This last point cannot be emphasized enough. Responsive planning is not just breaking down a big upfront plan into smaller delivery cycles to receive more frequent feedback. It is evolving the plan as you progress, based on that feedback, and regularly reviewing and adjusting the plan to reflect the most current information available.
With only a few weeks to complete required work, resources are encouraged to take action instead of over-planning. They become more focused on deliverables than status reports. They see the results of their efforts more quickly and are encouraged to continue producing valuable outcomes. They are truly positioned to respond to the changing needs of the organization.
The ACTION plan model identifies the achievement of key strategic objectives through Actionable goals and Communicating priorities. Business owners drive the responsive planning process by establishing the overarching strategic objectives that the delivery team is expected to attain (e.g. provide a better service to our customers) and turning these objectives into achievable tactical goals (e.g. increase our customer service hours of operation, establish customer surveys to gather feedback, do market research to identify the needs of current and prospective customers). These achievable goals represent what the business owners believe are the most effective (and cost-efficient) ways to meet the stated objective. The first step of the ACTION plan (Actionable goals) is for business owners to convey these to the delivery team in the iteration planning session, respond to any questions, and ensure that everyone in the room understands each goal.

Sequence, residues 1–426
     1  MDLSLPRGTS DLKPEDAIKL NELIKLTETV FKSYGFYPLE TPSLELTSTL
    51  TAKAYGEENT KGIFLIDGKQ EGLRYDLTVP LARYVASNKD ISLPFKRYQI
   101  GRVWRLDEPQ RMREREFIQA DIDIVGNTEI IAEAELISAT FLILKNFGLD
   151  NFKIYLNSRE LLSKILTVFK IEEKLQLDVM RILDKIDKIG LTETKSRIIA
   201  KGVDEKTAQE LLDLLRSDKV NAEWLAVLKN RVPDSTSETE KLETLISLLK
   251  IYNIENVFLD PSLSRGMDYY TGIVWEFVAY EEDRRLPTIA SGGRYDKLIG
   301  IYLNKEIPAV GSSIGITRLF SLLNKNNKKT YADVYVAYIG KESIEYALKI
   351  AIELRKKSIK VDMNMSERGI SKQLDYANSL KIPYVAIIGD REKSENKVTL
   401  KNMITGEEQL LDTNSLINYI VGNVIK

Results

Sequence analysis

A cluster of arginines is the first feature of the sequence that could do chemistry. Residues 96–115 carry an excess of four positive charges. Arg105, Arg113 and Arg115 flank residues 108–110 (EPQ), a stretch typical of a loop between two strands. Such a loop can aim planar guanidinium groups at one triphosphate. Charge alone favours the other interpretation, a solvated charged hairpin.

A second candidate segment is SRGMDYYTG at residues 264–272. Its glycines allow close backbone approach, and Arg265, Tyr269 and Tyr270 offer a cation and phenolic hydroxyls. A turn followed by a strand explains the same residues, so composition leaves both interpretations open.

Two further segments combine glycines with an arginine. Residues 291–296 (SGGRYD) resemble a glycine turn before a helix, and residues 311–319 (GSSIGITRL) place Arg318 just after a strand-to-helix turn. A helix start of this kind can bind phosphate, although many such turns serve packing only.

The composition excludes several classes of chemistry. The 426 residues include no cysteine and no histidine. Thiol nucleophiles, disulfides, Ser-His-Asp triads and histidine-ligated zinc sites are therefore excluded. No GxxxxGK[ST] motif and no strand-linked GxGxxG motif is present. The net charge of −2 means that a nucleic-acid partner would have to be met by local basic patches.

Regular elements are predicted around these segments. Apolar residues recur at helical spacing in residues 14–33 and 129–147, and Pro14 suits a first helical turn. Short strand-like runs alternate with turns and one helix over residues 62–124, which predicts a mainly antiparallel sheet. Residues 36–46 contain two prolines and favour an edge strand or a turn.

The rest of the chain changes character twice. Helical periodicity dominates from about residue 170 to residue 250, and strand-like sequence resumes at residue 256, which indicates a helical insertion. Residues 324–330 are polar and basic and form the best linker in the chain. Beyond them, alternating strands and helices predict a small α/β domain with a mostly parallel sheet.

The next step of the ACTION plan (Communicating priorities) provides the opportunity for business owners to order the actionable goals by priority, focusing the team on those goals that can deliver the highest business value to the organization. (see Chapter 6: Business Value-Driven Work for further detail on assessing and prioritizing business value.) The highest business value goals identified by the business owners then represent the most critical items for the delivery team to tackle in the upcoming iteration. This not only enables all of the delivery team’s efforts to be focused on the work that will produce the greatest return for the organization; it also provides a ‘sanity check’ on whether the goals that were initially thought to deliver the greatest cost-benefit return actually will.
In the above example, one of the stated goals for providing a better service to our customers was to increase the customer service hours of operation. Let’s say that, in the iteration planning session, the business owners identified this goal as the highest priority for the upcoming iteration: the delivery team is then tasked with undertaking the work involved in delivering this outcome (or a reasonable subset of work towards the outcome) by the end of the iteration.